The Aarke Electric Kettle ticks all my boxes, but it won't suit everyone. If Aarke's stainless steel design leaves you cold, and you're looking for something classic, you might prefer the Fellow Stagg EKG Electric Gooseneck Kettle, available at Amazon. It comes with a pointed spout for powerful, precise pouring. Plus, it's matte black, so it won't pick up quite so many smudges or stains. 

If you appreciate Aarke's thermoregulating capabilities, but you're looking for something more capacious, you should consider the Breville Smart Kettle Luxe, available at Breville. This 1.7L kettle holds space for up to seven cups at a time. It's ideal for larger households or gatherings. 

The Aarke Electric Kettle is crafted from stainless steel, which should complement any kitchen color palette. If you're looking for something that can stand out against white walls, then you might prefer the Smeg Variable Temperature Kettle, available at QVC. It comes in a range of cute pastel shades, from baby blue to rosy pink, with a few bright whites, reds, and blacks thrown in for good measure.

Should I buy the Aarke Electric Kettle?

Water pouring from the Aarke Kettle into a cup held against a beige background.

(Image credit: Aarke)

The Aarke Electric Kettle retails for around $270. That's a lot of money to spend on a kettle. If you're not big on tea or French press coffee, you might not be able to justify the purchase. If you regularly warm or boil water, and you want to do it in a sleek machine, then I can't recommend the Aarke Electric Kettle highly enough. It's an excellent insulator and by far the best-looking electric kettle on the market. 

How we test kettles

We're stringent with our testing standards at H&G, and while electric kettles might seem straightforward, we don't let standards slip. We test our kettles at the minimum fill level and the maximum fill level. We record any variation in temperature from the claims of the manufacturer and what we actually find on our thermometers, and we also time how long it takes. We also record the noise level in decibels of kettles as they come to a boil. That's to say nothing of all our user tests, assessing how easy the kettle is to use, clean, maintain, and store. There's more information about our processes in our explainer of how we test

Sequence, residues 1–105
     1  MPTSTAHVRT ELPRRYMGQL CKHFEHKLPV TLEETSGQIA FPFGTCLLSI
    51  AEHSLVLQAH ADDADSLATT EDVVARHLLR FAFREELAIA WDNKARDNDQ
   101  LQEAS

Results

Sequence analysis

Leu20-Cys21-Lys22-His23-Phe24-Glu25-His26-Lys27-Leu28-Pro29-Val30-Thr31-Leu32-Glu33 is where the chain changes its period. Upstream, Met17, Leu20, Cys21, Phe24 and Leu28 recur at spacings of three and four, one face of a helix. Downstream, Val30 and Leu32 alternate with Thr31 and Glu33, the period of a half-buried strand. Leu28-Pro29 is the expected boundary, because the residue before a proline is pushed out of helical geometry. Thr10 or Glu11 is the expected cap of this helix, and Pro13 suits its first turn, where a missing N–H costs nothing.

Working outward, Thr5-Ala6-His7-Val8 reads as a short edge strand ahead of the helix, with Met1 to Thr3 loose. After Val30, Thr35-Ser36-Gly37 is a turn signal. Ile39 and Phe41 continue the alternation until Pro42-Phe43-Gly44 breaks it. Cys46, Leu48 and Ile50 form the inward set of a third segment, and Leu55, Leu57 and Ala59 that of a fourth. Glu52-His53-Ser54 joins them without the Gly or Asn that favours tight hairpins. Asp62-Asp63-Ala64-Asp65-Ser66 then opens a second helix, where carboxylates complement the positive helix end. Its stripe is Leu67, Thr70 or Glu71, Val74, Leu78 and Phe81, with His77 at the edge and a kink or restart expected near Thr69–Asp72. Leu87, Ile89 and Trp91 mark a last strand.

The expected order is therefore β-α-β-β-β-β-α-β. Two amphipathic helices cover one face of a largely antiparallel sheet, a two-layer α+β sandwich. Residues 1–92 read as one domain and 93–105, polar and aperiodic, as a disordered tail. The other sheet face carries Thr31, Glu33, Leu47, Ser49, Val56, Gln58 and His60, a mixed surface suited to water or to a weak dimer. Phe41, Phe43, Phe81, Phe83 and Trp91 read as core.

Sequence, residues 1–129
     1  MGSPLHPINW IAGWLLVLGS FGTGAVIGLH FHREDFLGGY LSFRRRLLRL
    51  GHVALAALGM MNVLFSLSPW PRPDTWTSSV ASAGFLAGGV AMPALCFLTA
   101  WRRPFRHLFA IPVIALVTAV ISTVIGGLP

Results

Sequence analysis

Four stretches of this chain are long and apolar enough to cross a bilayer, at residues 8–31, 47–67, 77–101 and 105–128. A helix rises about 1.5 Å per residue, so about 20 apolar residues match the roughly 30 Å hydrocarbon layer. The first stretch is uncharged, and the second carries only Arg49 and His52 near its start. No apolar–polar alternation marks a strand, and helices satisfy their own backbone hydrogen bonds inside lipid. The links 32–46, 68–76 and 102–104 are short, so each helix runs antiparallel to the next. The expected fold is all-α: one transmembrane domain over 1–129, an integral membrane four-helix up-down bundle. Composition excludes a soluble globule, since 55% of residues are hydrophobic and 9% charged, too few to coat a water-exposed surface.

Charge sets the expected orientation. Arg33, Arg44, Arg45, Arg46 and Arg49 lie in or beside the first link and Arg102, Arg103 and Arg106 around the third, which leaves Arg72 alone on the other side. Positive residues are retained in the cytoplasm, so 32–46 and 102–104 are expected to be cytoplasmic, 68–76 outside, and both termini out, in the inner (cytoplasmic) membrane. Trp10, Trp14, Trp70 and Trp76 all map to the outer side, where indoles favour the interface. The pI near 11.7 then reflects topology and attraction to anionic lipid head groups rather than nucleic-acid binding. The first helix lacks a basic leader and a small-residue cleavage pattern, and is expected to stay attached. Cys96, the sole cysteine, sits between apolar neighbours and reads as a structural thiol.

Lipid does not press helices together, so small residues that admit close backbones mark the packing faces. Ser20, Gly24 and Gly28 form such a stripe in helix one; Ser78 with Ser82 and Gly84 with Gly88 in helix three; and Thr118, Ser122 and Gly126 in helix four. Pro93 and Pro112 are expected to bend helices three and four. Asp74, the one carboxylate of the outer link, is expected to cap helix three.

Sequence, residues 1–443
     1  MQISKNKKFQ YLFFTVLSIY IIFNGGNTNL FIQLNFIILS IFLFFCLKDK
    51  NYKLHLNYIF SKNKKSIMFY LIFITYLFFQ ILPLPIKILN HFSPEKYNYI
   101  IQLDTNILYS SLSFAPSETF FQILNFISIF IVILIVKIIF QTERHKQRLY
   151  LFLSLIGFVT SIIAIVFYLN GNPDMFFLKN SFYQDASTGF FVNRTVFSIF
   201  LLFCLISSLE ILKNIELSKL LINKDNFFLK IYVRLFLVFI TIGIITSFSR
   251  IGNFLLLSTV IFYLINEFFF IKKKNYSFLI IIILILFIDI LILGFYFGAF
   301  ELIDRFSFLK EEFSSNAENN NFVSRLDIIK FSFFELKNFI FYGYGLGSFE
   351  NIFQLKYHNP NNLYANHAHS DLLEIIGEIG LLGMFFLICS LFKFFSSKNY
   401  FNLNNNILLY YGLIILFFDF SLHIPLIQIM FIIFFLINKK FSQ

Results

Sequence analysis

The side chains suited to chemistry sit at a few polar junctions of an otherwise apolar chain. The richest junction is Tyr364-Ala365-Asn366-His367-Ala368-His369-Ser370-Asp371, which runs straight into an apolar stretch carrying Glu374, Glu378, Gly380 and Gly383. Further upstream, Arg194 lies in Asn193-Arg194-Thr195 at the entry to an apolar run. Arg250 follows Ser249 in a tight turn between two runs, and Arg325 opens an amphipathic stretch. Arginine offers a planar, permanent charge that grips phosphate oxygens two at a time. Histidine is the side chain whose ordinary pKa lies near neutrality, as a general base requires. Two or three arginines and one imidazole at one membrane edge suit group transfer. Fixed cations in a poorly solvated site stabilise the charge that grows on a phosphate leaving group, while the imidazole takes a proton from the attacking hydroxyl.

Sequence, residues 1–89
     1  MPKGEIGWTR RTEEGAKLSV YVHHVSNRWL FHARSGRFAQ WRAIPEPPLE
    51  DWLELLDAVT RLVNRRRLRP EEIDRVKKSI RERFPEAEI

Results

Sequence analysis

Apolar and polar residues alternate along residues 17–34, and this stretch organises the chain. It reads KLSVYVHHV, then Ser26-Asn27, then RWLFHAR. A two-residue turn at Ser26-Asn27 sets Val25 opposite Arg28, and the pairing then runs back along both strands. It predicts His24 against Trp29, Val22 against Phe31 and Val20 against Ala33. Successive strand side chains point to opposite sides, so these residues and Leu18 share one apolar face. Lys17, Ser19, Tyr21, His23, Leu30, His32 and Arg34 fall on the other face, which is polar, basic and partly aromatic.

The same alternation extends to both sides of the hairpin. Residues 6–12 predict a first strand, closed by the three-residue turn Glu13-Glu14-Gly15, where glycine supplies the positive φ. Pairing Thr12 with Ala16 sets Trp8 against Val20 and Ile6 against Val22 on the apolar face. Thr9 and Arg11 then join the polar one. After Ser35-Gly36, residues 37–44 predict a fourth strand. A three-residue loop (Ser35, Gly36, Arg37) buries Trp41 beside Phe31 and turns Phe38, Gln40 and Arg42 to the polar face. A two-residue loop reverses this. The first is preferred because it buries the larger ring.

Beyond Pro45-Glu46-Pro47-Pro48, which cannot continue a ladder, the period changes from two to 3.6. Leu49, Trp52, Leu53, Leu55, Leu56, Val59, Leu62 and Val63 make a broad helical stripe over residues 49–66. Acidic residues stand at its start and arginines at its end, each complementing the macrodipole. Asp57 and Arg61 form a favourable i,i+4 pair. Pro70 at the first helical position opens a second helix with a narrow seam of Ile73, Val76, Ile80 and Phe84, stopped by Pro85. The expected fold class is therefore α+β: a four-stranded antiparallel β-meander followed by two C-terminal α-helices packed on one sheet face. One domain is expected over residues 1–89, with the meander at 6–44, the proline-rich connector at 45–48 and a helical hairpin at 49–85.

Aarke Electric Kettle | $259 at Aarke

Aarke Electric Kettle | $259 at Aarke

Emilia Hitching
Sleep Editor

Emilia is our resident sleep writer. She spends her days tracking down the lowest prices on the best bedding and spends her nights testing it out from the comfort of her own home – it's a dream job. Her quest to learn how to sleep better has taken her all around the world, from mattress factories in Arizona to sleep retreats in Scandinavia. Before she joined Homes & Gardens, Emilia studied English at the University of Oxford. She also worked on the other side of the aisle, writing press releases for regional newspapers and crafting copy for Sky.